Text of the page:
Reputation: frank daleview's Avatar
    Join Date
    Jan 2004
    Posts
    827
    Unless you live in an area with lots of long moderate climbs or like to spin really high rpms, I think the 11-32 is the more reasonable choice when used with a triple chain ring crank. 11-34 is great for 2x9 or 1x9 or 29'ers.
    Formerly known as iceaxe

  5. #5
    LCW
    LCW is offline
    mtbr member
    Reputation: LCW's Avatar
    Join Date
    May 2008
    Posts
    2,663
    akornpatch - depends where you ride... i switched from 11-32 to 11-34 (still have 22/32/44 up front) and on the trails that i ride, it gave me a better range... the 11-34 allows me to stay in the middle more and less shifting to granny on all but the longest and/or steepest climbs... the 32fr/34rr ratio is nice...

    and as i improve and get stronger, i may switch to 24/36 dual ring setup up front, in which case i'll be set with the 11-34 in the rear... whether dual or triple ring, for me the 11-34 made sense.... it all depends on where you ride, and your personal preference...


    cheers

  6. #6
    Nightmare on Lyrik st. VI
    Reputation: amrgb's Avatar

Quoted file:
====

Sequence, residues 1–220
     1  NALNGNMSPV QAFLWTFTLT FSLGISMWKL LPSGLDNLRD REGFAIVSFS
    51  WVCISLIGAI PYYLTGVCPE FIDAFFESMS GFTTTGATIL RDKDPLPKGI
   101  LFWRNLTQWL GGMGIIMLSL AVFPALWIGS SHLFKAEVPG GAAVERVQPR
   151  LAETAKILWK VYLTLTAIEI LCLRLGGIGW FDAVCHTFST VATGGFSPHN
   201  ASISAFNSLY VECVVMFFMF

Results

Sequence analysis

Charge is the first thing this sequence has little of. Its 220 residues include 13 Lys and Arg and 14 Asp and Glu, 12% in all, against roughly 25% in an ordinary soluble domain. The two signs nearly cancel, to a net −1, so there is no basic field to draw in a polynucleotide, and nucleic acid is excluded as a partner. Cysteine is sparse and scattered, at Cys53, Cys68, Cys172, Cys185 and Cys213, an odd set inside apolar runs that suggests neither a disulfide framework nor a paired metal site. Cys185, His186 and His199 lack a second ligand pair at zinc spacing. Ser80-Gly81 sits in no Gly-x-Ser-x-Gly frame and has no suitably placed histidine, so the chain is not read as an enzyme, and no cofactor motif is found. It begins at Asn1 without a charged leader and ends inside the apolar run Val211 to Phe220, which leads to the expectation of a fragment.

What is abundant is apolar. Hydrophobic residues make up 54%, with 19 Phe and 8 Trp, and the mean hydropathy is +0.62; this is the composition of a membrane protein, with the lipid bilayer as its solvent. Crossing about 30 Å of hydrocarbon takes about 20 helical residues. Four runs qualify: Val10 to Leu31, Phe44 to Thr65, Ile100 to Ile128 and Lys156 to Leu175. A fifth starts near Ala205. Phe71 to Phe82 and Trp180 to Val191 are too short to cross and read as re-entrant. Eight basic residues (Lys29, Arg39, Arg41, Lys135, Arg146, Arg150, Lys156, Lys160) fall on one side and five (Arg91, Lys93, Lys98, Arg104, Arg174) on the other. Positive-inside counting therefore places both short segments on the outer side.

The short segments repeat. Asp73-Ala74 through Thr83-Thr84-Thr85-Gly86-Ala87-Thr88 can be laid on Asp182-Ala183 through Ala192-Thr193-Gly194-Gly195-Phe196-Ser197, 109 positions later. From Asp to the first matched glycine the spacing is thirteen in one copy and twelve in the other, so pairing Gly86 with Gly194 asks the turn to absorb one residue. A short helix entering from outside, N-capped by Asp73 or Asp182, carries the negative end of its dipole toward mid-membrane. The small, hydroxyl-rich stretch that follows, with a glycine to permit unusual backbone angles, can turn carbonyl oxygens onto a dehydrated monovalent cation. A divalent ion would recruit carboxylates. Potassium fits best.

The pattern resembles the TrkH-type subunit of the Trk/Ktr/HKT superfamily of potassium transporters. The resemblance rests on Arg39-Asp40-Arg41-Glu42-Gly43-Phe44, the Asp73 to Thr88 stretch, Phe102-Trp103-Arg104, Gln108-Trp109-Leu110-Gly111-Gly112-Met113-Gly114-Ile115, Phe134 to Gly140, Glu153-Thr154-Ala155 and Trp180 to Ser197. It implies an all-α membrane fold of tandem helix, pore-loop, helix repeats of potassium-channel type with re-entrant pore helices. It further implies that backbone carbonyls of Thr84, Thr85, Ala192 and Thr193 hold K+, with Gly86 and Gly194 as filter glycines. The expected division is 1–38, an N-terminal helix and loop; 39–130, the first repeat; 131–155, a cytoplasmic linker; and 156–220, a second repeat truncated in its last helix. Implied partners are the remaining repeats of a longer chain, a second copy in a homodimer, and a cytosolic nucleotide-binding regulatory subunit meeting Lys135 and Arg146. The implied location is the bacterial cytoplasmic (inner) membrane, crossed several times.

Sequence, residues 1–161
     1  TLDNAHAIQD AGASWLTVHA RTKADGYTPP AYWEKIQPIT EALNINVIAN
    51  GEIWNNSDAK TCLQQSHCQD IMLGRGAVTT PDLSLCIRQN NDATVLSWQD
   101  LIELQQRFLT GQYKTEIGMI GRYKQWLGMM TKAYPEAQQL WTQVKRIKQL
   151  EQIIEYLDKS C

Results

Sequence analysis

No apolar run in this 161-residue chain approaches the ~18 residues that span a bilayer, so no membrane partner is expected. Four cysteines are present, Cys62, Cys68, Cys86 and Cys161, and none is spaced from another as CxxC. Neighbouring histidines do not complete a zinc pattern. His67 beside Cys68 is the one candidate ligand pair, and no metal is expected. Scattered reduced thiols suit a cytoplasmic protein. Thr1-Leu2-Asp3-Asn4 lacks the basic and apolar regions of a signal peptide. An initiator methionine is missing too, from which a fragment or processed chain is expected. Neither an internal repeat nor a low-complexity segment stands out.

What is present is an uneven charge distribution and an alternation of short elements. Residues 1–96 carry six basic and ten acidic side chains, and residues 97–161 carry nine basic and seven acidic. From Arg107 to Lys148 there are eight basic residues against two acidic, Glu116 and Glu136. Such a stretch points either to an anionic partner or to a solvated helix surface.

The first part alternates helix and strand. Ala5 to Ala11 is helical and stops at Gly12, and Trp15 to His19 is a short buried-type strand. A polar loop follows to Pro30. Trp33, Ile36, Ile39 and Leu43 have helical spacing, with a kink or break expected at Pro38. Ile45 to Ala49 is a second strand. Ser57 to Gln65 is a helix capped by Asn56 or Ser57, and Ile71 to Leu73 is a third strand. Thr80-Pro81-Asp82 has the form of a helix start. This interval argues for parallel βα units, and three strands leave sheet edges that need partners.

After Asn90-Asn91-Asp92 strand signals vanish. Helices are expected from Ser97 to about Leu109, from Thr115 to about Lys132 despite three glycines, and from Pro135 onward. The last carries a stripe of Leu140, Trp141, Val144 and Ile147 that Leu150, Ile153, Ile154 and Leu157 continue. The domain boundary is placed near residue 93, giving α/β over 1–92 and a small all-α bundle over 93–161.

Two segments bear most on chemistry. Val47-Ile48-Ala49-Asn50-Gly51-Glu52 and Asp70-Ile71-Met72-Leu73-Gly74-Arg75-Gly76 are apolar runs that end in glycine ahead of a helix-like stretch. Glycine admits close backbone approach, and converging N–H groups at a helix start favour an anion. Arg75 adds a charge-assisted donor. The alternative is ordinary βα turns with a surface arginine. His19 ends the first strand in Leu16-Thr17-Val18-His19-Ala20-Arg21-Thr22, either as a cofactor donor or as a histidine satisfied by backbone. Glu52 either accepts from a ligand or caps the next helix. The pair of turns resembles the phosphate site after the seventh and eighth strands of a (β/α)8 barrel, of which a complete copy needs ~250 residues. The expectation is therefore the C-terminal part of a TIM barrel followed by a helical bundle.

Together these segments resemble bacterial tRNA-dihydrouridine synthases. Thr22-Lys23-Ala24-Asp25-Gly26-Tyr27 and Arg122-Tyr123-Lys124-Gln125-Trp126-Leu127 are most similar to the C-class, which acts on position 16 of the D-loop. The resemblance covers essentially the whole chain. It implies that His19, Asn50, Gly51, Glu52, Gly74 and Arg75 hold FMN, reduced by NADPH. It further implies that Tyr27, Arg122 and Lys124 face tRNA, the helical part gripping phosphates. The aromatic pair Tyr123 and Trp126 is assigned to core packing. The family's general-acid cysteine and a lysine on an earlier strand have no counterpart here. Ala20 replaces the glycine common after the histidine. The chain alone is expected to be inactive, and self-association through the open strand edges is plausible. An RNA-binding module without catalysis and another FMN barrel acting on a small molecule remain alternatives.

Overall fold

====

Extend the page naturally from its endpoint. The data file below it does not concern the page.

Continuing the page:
Join Date
    May 2007
    Posts
    816
    I must say I don't like 11-34T cassettes. My usual rides are 20 miles with 3000ft of climb, with gradients of 20%+ sustained (some short hills are steeper). I initial add the 11-34T cassette on a Trek 8000 (XC hardtail) and even when I was very out of shape, I never used the 34T cog. With the granny was to slow, and I always like to have something easier on reserve, so never used it with the middle ring. Once I got in a better shape, not even the second largest cog got used. So I was only carrying extra unnecessary weight. But, more important, I really hate the jump from 13T to 11T that is usually found on the 11-34T cassette. That's just too much. It's like an overdrive. The 12T to 11T jump on the 11-32T cassette is much nicer.

    At the same time I changed the setup to 2x9 and put 24T and 36T chainrings. So effectively I only lost the granny 34T combo. Still, I never use the 32T cog with the granny.